NQAPIA joins AAPI and Immigrant Rights Fight for Families March

NQAPIA joins AAPI and Immigrant Rights Fight for Families March

One of these actions marked a particular moment in the LGBT and AAPI communities on Thursday, Septmeber 4 as Ben de Guzman, NQAPIA Co-Director for Programs delivered 2,776 postcards to Gautam Raghavan from the White House Office of Public Engagement, calling for immigration reform. This hand-off signaled one of the last public actions for both men, as both Ben and Gautam announced their stepping down from NQAPIA and the White House respectively. NQAPIA is proud of Ben’s service and is also sad to see Gautam go, after working with him as the White House’s liaison to both the AAPI and LGBT communities for a number of years.

NQAPIA delivers 2,700 postcards on immigration to the White House

NQAPIA delivers 2,700 postcards on immigration to the White House

While these two public servants step off this stage with our best wishes, NQAPIA will continue to fight for immigrants’ rights. As Ben noted at a press conference last week, “This is not about politics, this is about people’s lives.”

Washington, DC Special Screening of “Documented” and Q&A featuring filmmaker Jose Antonio Vargas- June 1, 2014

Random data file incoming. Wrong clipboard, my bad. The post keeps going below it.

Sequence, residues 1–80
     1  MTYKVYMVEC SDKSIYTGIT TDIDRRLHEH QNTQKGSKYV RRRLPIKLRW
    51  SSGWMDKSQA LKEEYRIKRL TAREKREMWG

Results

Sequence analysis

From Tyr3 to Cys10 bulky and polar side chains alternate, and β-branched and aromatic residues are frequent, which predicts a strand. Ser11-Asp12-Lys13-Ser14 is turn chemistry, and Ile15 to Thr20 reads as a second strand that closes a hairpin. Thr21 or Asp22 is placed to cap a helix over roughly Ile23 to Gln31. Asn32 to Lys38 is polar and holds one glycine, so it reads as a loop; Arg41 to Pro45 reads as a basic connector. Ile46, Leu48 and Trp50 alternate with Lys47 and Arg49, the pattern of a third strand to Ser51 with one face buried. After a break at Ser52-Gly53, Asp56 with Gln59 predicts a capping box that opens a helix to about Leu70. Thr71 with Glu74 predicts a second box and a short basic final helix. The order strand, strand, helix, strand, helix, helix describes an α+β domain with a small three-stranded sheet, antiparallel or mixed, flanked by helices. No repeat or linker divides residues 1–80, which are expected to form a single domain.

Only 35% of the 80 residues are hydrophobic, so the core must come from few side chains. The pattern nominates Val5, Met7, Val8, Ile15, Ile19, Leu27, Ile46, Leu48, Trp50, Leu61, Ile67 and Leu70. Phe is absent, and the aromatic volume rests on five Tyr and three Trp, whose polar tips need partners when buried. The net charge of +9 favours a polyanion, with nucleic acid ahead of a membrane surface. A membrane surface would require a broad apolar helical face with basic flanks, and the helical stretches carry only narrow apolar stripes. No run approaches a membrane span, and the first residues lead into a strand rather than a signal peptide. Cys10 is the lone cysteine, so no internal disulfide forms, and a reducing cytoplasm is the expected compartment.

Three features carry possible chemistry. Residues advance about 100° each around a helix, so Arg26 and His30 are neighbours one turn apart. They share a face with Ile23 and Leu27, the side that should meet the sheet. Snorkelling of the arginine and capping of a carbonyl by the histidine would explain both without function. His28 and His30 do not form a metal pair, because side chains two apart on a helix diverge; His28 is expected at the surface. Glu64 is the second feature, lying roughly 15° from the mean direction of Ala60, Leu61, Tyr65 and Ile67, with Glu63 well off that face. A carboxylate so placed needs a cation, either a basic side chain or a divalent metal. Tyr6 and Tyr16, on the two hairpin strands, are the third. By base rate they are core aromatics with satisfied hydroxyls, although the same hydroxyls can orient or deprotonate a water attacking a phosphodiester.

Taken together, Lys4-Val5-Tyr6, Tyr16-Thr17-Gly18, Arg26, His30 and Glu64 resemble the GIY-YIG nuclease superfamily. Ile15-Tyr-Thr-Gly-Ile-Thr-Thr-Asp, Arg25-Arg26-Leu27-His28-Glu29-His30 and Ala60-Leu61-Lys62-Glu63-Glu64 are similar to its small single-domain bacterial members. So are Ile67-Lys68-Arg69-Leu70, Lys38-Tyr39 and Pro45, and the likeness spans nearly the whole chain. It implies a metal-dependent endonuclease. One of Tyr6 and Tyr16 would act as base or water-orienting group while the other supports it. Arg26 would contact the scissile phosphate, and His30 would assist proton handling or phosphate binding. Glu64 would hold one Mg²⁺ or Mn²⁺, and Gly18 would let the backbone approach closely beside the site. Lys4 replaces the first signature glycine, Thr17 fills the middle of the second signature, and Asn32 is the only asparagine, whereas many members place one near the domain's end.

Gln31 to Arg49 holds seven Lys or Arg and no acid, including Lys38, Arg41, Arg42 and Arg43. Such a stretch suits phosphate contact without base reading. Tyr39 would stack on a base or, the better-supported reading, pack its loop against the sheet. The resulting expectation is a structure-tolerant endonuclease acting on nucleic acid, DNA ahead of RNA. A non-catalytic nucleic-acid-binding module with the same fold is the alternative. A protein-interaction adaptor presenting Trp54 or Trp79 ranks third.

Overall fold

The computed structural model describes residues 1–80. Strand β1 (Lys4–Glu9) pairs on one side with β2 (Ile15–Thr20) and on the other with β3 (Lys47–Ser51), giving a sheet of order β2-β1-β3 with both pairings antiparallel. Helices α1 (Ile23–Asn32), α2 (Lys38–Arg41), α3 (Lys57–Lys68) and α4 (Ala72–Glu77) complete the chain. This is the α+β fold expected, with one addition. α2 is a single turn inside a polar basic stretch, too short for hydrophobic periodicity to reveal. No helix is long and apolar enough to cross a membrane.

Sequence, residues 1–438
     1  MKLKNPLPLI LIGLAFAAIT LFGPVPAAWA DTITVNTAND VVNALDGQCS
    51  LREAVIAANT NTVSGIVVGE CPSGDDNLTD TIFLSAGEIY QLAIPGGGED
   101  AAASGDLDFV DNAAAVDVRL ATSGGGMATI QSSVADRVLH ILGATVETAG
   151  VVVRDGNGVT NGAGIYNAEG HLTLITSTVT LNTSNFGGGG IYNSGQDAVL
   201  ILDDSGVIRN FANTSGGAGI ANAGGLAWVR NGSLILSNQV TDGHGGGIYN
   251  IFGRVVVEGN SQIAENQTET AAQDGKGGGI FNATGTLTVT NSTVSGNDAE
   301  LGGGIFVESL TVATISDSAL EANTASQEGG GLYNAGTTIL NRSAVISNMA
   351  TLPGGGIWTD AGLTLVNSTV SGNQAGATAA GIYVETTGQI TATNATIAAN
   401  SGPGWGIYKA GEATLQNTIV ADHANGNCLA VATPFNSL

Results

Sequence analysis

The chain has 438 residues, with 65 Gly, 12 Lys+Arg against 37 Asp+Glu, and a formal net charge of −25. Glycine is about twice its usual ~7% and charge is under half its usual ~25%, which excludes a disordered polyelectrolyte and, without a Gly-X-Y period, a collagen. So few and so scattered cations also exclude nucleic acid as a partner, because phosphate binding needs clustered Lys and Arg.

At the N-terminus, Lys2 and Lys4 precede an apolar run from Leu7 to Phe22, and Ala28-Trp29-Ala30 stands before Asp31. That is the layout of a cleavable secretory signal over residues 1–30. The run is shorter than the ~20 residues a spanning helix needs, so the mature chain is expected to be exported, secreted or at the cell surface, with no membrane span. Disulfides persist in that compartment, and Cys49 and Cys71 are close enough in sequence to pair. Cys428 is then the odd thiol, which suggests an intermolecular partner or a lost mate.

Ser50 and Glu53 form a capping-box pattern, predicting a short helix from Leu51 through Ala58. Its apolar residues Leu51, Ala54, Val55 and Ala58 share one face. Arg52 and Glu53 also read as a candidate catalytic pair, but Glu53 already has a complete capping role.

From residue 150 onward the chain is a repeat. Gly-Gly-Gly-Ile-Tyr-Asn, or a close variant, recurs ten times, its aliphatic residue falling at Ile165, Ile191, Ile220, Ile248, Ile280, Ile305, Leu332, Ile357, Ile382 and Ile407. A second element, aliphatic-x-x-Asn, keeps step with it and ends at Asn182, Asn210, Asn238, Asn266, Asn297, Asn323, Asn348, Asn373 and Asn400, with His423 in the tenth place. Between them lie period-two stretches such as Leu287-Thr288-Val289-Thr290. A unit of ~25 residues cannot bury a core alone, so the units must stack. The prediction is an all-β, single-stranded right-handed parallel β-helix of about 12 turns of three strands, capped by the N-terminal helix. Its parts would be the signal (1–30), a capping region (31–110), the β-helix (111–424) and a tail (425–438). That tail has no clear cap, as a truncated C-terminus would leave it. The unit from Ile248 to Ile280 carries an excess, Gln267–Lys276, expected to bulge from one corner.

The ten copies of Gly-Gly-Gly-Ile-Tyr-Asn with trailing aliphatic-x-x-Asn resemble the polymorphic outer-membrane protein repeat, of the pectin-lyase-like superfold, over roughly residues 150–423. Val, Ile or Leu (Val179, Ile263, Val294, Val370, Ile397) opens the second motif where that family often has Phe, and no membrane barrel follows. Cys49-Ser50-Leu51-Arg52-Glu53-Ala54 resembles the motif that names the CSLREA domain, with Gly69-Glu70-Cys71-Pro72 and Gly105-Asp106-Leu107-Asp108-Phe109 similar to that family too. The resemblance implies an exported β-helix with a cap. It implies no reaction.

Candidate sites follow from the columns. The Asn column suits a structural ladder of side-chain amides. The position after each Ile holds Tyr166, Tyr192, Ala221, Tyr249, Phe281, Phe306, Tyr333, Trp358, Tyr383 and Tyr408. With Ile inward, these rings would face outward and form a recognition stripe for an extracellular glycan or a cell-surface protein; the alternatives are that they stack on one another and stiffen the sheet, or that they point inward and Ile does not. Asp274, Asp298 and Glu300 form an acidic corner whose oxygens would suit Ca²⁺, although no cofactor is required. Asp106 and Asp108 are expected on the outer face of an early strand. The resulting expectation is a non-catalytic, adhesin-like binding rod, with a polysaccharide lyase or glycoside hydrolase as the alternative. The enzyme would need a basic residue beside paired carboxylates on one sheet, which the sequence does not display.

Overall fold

We are pleased to present a special screening of Jose Antonio Vargas’ film, “Documented” during its opening weekend in the nation’s capital.

 

Tickets are general admission- we STRONGLY encourage people to buy tickets online in advance here.

 

For the Sunday June 1 5pm showing, Jose will be on hand for a Q&A panel with leaders of local and national LGBT, Filipino American, and Asian American, South Asian, Southeast Asian, and Pacific Islander (AAPI) organizations. Further information is below. Please note: you MUST buy a ticket for general admission to see the film as you would normally in order to stay afterwards for the Q&A. The venue is a small, independent theater, so seats will go quickly. We encourage people to come early and stay late!

 

Information for “Documented” Screening

Sunday, June 1, 5pm
West End Theater
2301 M Street, NW